OK Go is celebrating its 10th year of making pioneering music videos by unveiling its most ambitious clip yet. “Upside Down & Inside Out” was shot in zero gravity in the skies above Russia.
“It was nearly a decade ago that the world started buzzing about commercial space travel and exploration. When I heard about Virgin Galactic and Space X, it dawned on me that soon enough, people will be making art in space,” says OK Go singer Damian Kulash, Jr., who co-directed the video with frequent collaborator, Trish Sie. “So for years, we’ve been looking for the opportunity to make a weightless video. I mean, what could be more thrilling than astronaut training? I met with people from S7 at a media event at the Cannes Lions festival in France and that’s where the adventure began.”
In line with their mission to inspire people to chase their dreams, and to provide them the means to do so, S7 Airlines signed on to support the video. Together, they proceeded with a lyric from the song as their motto: “Gravity is just a habit.”
“We at S7 Airlines are proud to have supported OK Go in achieving their dream, thus creating the first art piece shot entirely in zero gravity. We believe that however hard the journey might be, every goal is attainable if you put your mind to it and won't settle or give up,” commented Tatiana Fileva, S7 Airlines Chief Marketing Officer.
After months of planning, OK Go headed to the Yuri Gagarin Cosmonaut Training Center for ROSCOSMOS (the Russian equivalent of NASA), where they spent three weeks playing, testing, and filming. In total, they flew 21 flights, with 15 zero gravity parabolas per flight, for a total of about two hours and fifteen minutes in weightlessness. ROSCOSMOS provided the Il-76 MDK plane and cosmonaut training staff.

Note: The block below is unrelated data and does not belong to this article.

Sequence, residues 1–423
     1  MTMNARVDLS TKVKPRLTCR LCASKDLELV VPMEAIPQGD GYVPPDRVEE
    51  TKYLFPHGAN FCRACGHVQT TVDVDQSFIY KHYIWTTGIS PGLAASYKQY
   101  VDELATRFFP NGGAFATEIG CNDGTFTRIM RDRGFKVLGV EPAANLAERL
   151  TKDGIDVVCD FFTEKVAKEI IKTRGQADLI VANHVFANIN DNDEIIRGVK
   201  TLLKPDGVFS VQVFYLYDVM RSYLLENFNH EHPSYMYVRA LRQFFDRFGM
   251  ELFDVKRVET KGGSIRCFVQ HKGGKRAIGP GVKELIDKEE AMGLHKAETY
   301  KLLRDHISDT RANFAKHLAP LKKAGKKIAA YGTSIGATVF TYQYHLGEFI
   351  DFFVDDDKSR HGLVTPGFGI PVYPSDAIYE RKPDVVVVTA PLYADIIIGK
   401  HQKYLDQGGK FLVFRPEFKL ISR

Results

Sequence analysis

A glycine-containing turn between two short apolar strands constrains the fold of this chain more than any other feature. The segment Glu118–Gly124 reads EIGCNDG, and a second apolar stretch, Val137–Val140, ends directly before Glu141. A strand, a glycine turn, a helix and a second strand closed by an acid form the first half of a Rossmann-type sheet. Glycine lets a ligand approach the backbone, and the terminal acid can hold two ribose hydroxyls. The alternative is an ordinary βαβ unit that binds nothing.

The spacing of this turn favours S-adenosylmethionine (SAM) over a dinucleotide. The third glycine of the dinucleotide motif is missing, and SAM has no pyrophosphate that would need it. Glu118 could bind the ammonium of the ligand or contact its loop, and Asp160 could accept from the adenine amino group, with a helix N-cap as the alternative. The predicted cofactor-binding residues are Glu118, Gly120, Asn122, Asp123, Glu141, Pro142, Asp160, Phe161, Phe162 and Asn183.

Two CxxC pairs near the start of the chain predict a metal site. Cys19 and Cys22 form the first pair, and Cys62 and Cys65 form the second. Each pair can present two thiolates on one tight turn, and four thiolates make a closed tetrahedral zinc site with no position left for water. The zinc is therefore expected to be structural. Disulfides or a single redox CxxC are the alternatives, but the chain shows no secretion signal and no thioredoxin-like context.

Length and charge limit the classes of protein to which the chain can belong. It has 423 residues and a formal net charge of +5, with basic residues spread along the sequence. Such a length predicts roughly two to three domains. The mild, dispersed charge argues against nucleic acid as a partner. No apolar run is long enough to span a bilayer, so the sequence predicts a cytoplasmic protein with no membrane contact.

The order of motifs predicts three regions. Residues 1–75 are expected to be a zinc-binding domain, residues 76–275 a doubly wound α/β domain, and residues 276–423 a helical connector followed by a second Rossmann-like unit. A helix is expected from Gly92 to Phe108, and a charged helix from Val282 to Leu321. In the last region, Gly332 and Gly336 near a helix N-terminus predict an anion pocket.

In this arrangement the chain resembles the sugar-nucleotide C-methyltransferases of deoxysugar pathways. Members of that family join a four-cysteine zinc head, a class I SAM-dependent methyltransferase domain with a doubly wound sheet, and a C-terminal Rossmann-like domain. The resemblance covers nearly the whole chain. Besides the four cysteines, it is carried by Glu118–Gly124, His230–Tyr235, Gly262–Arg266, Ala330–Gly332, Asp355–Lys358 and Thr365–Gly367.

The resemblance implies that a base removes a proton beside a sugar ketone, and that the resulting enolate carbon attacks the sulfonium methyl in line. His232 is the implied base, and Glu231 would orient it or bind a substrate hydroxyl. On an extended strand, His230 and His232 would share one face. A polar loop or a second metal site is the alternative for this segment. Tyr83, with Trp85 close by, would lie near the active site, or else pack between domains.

“Upside Down & Inside Out” – which features the band and S7 air hostesses Tatyana Martynova and Anastasia Burdina, who are trained aerialist acrobats – was shot in an airplane that flies parabolic maneuvers to provide brief periods of weightlessness. The longest period of weightlessness it’s possible to achieve in these circumstances is 27 seconds, and after each period of weightlessness, it takes about five minutes for the plane to recover and prepare for the next round.
“Because we wanted the video to be a single, uninterrupted routine, we shot continuously over the course of eight consecutive weightless periods, which took about 45 minutes, total,” explains Trish Sie. “We paused the action, and the music, during the non-weightless periods, and then cut out these sections and smoothed over each transition with a morph.”
Reflecting on the past decade, Kulash, Jr. notes, “We were so lucky to have our first homemade videos land right at the moment when internet video was just starting to open up as a new cultural phenomenon. It gave is a new sandbox to play in and it emboldened us to keep chasing our wildest creative ideas, both in music and video, regardless of where they lead.”
Check out at the video over at the band's Facebook page: